A truck driver on Tuesday pleaded guilty to two misdemeanor charges for a crash that resulted in the death of an Oakdale police officer who had stopped at a road work site near Grayson.
Defendant Jose Santos Hermosillo, 45, initially was charged with felony vehicular manslaughter with gross negligence in the November 2012 death of Paul Katuszonek. Hermosillo also was charged with a misdemeanor of driving more hours than allowed under federal guidelines.
At the conclusion of a preliminary hearing Tuesday morning, Stanislaus Superior Court Judge Ricardo Córdova determined there was enough evidence for Hermosillo to stand trial. But the judge also decided to reduce the defendant’s felony charge to a misdemeanor based on the facts of the offense and his criminal record.
Deputy District Attorney Anthony Colacito said Hermosillo had two previous misdemeanor convictions: petty theft and battery on a spouse causing injury. The prosecutor opposed reducing the defendant’s felony to a misdemeanor.
The judge granted the defense’s request to reduce the felony charge, despite the prosecution’s objection. Hermosillo then decided to plead guilty to the two misdemeanor charges, according to Colacito.
Hermosillo had been in jail since he was booked Nov. 22. He was released from custody Tuesday afternoon.
Córdova has scheduled Hermosillo to be formally sentenced in July. The attorneys have agreed that Hermosillo will be sentenced to the nearly six months he already has spent in the Stanislaus County Jail.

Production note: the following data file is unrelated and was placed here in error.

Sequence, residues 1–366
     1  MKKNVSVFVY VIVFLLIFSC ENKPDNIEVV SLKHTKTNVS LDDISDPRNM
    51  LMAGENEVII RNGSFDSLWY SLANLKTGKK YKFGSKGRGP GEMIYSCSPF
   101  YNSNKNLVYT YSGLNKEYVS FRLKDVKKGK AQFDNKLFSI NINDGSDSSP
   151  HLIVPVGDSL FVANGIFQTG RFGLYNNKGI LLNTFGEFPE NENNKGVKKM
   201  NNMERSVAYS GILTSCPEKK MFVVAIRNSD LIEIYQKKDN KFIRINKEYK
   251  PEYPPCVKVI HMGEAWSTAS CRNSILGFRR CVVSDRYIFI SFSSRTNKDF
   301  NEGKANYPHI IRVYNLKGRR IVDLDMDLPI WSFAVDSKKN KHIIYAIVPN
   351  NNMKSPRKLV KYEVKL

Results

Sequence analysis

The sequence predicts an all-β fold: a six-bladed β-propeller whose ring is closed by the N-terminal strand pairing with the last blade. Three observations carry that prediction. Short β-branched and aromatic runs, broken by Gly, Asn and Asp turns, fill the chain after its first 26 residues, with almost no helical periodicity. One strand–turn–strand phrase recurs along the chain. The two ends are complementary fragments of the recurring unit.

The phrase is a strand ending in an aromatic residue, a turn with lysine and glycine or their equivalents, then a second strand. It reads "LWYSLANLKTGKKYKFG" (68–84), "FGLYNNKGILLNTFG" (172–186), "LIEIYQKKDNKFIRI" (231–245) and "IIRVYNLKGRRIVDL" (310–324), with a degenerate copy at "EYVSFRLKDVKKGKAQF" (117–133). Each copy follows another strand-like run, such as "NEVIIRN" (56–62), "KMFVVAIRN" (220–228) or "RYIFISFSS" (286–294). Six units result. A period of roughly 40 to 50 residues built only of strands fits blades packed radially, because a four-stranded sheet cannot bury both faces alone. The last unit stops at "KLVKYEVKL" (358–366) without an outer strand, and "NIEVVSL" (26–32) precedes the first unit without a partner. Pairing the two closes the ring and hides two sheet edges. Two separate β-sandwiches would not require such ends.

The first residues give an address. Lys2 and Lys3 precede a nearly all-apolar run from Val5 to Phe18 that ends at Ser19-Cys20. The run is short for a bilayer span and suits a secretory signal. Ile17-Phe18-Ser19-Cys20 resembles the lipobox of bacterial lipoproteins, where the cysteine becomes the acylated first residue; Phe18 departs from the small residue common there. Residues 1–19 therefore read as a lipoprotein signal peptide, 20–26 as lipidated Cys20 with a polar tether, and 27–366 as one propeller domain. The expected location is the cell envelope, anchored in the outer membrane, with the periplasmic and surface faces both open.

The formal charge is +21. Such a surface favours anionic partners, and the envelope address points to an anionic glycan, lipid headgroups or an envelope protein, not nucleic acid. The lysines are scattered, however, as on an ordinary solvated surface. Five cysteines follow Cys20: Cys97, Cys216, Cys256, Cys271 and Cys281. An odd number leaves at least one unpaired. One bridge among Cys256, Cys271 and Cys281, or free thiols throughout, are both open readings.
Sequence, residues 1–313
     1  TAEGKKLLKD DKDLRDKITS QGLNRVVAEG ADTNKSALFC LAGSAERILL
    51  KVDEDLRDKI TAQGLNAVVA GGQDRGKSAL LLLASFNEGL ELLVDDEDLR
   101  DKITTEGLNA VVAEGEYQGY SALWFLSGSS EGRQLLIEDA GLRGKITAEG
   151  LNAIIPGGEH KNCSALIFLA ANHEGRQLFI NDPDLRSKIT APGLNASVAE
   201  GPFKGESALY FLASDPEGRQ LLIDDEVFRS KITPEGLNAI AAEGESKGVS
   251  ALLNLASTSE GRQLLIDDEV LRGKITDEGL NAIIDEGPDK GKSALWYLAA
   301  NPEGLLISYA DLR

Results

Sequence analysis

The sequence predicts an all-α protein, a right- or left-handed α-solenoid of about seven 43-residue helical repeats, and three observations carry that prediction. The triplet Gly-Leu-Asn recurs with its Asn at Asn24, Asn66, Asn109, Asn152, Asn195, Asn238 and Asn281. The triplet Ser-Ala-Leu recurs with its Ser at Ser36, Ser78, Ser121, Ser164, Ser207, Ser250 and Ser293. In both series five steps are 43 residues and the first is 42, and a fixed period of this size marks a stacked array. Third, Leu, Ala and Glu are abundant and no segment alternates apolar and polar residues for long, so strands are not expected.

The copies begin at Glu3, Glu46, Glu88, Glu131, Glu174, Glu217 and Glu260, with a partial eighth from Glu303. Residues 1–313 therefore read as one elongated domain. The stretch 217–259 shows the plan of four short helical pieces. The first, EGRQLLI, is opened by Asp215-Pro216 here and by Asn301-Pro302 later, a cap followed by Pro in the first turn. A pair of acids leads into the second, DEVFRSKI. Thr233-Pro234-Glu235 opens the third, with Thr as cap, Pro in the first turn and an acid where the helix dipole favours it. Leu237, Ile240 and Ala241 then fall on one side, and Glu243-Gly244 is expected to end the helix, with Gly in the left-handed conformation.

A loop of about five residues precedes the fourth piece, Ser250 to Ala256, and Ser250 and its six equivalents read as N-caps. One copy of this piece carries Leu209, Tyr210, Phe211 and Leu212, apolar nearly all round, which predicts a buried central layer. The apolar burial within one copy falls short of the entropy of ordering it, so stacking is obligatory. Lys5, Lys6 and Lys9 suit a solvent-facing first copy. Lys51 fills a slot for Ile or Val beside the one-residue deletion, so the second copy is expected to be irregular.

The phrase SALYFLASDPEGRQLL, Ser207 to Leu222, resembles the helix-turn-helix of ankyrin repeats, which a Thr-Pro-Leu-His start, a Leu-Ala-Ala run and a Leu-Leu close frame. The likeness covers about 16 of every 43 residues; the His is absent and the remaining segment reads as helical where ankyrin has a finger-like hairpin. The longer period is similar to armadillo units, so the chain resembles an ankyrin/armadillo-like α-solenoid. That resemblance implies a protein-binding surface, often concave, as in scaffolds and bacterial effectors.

Katuszonek was on his way to work after dropping off his daughter at his mother-in-law’s home. He stopped on Highway 132 for a road closure about a mile east of Faust Road.
Authorities have said the big rig Hermosillo was driving slammed into the back of the officer’s Honda just after he had stopped at the Caltrans construction zone.
In October, Katuszonek’s widow and his daughter were awarded an $8.5 million settlement in a wrongful-death lawsuit against Gold Star Foods Inc., a food distribution and long-haul trucking company that employed Hermosillo. He no longer works for the company.
Hermosillo had been driving for nearly 23 hours with only 41/2 hours’ rest when his truck barreled into the back of Katuszonek’s car at 55 mph, according to Steven Fabbro, the Katuszonek family’s attorney in the civil case. Fabbro also has said Hermosillo falsified his driver logs to make his drive times comply with the law.
The crash killed Katuszonek instantly. His car propelled the car stopped in front of him into state Department of Transportation worker Brian Smith, who was flagging drivers to stop. Smith suffered severe injuries in the crash.